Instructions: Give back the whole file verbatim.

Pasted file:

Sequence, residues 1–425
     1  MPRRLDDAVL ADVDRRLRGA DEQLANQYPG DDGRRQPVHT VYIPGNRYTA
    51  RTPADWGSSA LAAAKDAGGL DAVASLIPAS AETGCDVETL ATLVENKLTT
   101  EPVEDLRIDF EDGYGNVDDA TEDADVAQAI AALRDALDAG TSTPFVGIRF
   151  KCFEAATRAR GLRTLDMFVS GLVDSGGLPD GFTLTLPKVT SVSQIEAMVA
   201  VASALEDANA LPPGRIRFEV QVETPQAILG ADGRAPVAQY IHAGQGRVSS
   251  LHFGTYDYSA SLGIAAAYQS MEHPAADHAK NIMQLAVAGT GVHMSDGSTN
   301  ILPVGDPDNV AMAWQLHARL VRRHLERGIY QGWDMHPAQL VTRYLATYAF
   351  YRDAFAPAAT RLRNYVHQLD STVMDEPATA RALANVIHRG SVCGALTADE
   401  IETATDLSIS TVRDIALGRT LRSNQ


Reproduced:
Sequence, residues 1–425
     1  MPRRLDDAVL ADVDRRLRGA DEQLANQYPG DDGRRQPVHT VYIPGNRYTA
    51  RTPADWGSSA LAAAKDAGGL DAVASLIPAS AETGCDVETL ATLVENKLTT
   101  EPVEDLRIDF EDGYGNVDDA TEDADVAQAI AALRDALDAG TSTPFVGIRF
   151  KCFEAATRAR GLRTLDMFVS GLVDSGGLPD GFTLTLPKVT SVSQIEAMVA
   201  VASALEDANA LPPGRIRFEV QVETPQAILG ADGRAPVAQY IHAGQGRVSS
   251  LHFGTYDYSA SLGIAAAYQS MEHPAADHAK NIMQLAVAGT GVHMSDGSTN
   301  ILPVGDPDNV AMAWQLHARL VRRHLERGIY QGWDMHPAQL VTRYLATYAF
   351  YRDAFAPAAT RLRNYVHQLD STVMDEPATA RALANVIHRG SVCGALTADE
   401  IETATDLSIS TVRDIALGRT LRSNQ